ADVERB REVERB

Faithfully. The most powerful adverb in the free world?

Rarely does a part of speech become headline news, but on Jan. 20, 2009, an adverb became a historic footnote in the inauguration of our 44st president, Barack Obama. Here is the wording of the oath of office, as prescribed by the Constitution in Article 2, Section 1, Clause 8:

‘I do solemnly swear (or affirm) that I will faithfully execute the Office of President of the United States, and will to the best of my ability, preserve, protect and defend the Constitution of the United States.’”

First, President Obama stepped on Chief Justice John Roberts’ line. Then the Chief Justice misplaced the adverb in the official oath. Then there was a flub, a pause, a course correction, and …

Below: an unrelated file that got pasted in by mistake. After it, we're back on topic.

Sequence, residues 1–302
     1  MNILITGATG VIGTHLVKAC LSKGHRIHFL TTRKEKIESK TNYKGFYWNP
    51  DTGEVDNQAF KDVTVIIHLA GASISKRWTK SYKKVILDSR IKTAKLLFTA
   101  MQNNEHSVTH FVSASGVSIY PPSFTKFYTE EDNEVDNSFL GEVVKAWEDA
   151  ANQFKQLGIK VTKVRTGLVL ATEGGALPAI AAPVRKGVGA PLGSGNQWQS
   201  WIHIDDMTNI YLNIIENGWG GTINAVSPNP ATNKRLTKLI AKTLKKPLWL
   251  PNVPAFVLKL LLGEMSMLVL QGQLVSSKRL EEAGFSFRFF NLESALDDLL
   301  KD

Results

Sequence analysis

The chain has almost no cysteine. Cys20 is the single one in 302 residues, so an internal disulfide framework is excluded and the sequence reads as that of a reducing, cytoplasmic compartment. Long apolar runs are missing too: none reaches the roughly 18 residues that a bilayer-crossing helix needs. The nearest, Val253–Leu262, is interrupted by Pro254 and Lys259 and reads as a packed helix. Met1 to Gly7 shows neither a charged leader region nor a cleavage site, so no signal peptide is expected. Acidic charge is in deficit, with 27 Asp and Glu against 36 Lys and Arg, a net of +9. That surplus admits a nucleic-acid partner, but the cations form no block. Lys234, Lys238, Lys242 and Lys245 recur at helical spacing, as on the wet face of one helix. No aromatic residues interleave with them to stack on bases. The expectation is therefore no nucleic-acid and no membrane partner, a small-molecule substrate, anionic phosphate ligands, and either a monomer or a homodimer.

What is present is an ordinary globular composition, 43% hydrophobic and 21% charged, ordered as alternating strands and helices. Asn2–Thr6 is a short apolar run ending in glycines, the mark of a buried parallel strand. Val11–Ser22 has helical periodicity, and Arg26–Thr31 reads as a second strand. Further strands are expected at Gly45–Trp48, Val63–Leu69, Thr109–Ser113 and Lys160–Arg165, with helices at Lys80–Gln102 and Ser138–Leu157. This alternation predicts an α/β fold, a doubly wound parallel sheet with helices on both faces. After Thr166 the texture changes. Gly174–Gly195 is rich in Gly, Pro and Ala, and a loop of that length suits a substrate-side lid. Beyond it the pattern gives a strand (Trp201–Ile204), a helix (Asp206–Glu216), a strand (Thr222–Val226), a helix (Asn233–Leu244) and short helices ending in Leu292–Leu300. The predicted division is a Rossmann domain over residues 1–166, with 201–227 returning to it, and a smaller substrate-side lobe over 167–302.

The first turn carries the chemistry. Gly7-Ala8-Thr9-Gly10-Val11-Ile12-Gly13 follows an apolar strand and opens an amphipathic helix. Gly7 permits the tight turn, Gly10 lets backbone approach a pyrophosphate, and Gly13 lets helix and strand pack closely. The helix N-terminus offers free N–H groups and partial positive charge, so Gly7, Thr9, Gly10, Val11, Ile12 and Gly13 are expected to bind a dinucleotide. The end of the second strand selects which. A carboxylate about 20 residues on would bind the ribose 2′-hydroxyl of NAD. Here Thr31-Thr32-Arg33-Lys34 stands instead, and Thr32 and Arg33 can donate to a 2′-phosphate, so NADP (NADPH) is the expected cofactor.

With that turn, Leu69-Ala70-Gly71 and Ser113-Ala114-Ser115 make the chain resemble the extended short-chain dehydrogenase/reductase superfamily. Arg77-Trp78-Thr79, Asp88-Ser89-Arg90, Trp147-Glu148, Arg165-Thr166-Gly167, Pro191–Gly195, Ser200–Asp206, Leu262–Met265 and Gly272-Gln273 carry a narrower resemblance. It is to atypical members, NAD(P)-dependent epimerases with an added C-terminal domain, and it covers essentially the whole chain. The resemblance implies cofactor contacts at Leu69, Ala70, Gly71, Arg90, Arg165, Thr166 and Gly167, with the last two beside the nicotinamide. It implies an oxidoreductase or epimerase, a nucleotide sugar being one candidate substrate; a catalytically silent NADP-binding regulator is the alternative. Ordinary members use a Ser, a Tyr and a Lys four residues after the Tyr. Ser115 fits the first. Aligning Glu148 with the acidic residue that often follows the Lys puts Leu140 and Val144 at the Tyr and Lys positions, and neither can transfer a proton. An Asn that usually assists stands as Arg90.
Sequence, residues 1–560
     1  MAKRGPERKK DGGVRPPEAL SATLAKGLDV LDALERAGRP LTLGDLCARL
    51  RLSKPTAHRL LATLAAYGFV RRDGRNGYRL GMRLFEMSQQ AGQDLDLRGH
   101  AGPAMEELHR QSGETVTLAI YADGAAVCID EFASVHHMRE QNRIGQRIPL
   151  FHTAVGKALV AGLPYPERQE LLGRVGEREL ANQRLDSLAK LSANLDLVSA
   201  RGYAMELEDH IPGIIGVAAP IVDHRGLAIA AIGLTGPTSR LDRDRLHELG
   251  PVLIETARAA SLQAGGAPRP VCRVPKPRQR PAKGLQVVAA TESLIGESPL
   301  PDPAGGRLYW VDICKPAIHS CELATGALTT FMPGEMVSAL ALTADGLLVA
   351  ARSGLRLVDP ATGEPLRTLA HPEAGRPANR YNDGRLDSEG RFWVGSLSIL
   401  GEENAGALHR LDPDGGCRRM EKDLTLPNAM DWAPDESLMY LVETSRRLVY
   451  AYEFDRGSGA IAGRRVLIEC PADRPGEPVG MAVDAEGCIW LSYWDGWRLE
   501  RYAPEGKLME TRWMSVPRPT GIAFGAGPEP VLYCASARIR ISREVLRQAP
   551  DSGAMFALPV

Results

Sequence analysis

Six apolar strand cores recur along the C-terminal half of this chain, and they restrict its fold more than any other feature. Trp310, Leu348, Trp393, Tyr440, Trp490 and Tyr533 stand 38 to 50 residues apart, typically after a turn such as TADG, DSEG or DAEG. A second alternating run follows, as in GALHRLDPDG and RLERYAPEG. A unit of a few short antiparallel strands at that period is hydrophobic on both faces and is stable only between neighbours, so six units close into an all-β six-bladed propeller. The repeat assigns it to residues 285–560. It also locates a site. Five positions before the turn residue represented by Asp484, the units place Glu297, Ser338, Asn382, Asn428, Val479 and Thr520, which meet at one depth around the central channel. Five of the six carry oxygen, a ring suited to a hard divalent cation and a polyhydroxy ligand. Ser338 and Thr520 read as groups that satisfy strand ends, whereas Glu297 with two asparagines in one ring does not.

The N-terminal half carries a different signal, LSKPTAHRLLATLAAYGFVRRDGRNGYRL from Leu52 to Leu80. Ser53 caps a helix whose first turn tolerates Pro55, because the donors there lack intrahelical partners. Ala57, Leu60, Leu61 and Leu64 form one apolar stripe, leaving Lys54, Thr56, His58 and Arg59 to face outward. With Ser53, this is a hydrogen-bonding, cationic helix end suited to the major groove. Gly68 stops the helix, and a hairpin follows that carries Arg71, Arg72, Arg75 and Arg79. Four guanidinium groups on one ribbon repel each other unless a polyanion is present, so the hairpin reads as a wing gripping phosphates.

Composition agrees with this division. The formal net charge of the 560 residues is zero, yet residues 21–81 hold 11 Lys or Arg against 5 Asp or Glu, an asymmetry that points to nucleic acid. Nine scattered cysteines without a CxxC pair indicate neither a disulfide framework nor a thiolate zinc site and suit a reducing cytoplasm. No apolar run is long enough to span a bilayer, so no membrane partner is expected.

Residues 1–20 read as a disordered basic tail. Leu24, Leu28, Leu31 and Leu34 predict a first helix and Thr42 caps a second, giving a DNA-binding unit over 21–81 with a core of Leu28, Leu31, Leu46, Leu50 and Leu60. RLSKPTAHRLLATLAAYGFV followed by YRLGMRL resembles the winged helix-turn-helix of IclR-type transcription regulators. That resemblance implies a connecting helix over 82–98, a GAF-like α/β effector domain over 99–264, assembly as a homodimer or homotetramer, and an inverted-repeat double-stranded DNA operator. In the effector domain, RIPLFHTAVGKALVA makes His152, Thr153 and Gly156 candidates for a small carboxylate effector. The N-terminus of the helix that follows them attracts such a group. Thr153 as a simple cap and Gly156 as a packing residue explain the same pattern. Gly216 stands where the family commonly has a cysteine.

Here’s the transcript sourced from UPI.

ROBERTS: Are you prepared to take the oath, Senator?
OBAMA: I am.
ROBERTS: I, Barack Hussein Obama…
OBAMA: I, Barack…
ROBERTS: … do solemnly swear…
OBAMA: I, Barack Hussein Obama, do solemnly swear…
ROBERTS: … that I will execute the office of president to the United States faithfully…
OBAMA: … that I will execute…
ROBERTS: … faithfully the office of president of the United States…
OBAMA: … the office of president of the United States faithfully…
ROBERTS: … and will to the best of my ability…
OBAMA: … and will to the best of my ability…
ROBERTS: … preserve, protect and defend the Constitution of the United States.
OBAMA: … preserve, protect and defend the Constitution of the United States.
ROBERTS: So help you God?
OBAMA: … So help me God.

Many pundits have searched for a reason for the constitutional cha-cha. Was it subconscious? (Sen. Obama voted against Roberts’ confirmation as Chief Justice in 2005.) Maybe. But I much prefer Stephen Pinker’s opinion on “split-infinitive brainwashing” as written here.

January 27 2009 12:19 pm | parts of speech